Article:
I've been familiar with images of the Empire State Building since I was a child. When I visited New York in February 2007 and made the trip to the 86th floor Observation Deck, I decided that the building's iconic status was well-deserved. Subsequent study of the history of the building has reinforced that judgement. During my visit, I purchased John Tauranac's book 'The Empire State Building', published in New York by St. Martin's Press (ISBN 0-312-14824-0). I drew on this excellent book for information, but interpretations and errors are my own.
For centuries, building design was limited by the ability of the materials used in the lower floors to support the weight of upper floors. It was the advent of steel-framed buildings around 1880 which allowed the concept of the 'skyscraper' to become a practical proposition.
New York, constrained as it was by the Manhattan site bounded by the East River and Hudson River, was the perfect home for adventurous building design which made best use of expensive land. Initially, steel-framed buildings were built to look like conventional buildings and used the styles already in vogue. It took a while for a modern architecture to evolve which exploited the full potential of the steel frame. New York introduced zoning laws in 1916 which laid down rules to restrict the creation of dark canyons on streets lined with tall buildings. These rules introduced the idea of 'setbacks' such that a building could not rise directly from the street without restriction. After a few stories, the building line had to be set back to reserve light to the building and adjacent developments.
The rules still allowed considerable freedom in architectural layout and it's interesting to compare two of New York's tallest developments of the 1920s and 1930s - the Chrysler Building and the Empire State Building. The Chrysler Building at Lexington Avenue and East 42nd Street preceded the Empire State and the buildings have always been rivals. Indeed, the 200-foot stainless steel Art Deco spire was partly added to the basic design so as to overtake the anticipated height of the Empire State Building. The Chrysler Building is an impressive structure by any standards and the distinctive spire makes it instantly recognisable. But when the Empire State Building appeared, it incorporated a number of innovations which I think make it thoroughly modern, even by today's standards.
In a daring move, the Empire State added a 200-foot airship mooring mast which significantly exceeded the height of the Chrysler Building, even with its spire. In the early '30s, people really believed that huge airships would replace the ocean liners which had become the last word in luxurious, long-distance travel. As we now know, speed always wins and, in fact, passengers were willing to accept the more limited comfort of the aeroplane because of the higher speeds it can offer. Only one airship is recorded as mooring at the Empire State, experimentally and for only a few minutes. It's hard to believe that passengers would ever have willingly boarded and disembarked 1,000 feet above Manhattan, but the sheer idea was enough to give the building a cachet it's never lost.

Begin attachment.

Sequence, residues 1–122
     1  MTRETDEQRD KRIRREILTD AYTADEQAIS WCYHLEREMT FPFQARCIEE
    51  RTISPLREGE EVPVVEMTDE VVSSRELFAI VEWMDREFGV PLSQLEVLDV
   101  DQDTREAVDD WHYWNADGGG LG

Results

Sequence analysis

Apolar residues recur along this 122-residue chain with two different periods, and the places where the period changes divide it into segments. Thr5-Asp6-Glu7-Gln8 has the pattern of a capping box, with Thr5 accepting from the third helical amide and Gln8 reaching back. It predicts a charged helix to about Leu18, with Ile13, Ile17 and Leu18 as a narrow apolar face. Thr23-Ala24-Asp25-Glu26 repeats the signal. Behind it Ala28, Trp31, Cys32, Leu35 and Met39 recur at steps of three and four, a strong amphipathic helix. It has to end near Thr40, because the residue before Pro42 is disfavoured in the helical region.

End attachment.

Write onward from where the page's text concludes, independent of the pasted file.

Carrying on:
The rapid growth of New York early in the twentieth century made real estate very profitable and it was common for buildings to be pulled down after less than twenty years to make way for something larger. The original building of the Waldorf-Astoria Hotel was demolished to make way for the Empire State Building and the hotel was rebuilt on its present site in Park Avenue.
The Empire State Building was announced in 1929 only weeks before the economy crashed. Many building projects failed but John Rascob, who'd made his money and reputation with General Motors, brought the Empire State Building to triumphant completion. He was joined by politician Al Smith, who became the public face of the project. Al Smith loved, and was loved by, New York. His affection for the city and commitment to the Empire State Building must have been crucial to the success of the project. The team of financier and publicist went on to make inspired choices for both architects and building contractors. Shreve, Lamb and Harmon, as architects, produced a design of great subtlety: modern but not strident, innovative but eminently practical. Styling incorporated Art Deco motifs, but in a restrained manner subordinated to the need to be easily built and low maintenance. William Lamb's fanatical attention to detail is usually credited as the key but he was a modest man who considered himself a member of a team.
Starrett Brothers and Eken were given the construction contract and their professional approach achieved the remarkable result that the building was completed on specification, on time and - perhaps most surprising to us in this age of massive cost overruns - on budget.
The Empire State Building has seen many changes since it was completed in 1931 but it remains, truly, a Landmark Building.
For my photographs of New York, including views from the top of the Empire State Building click here.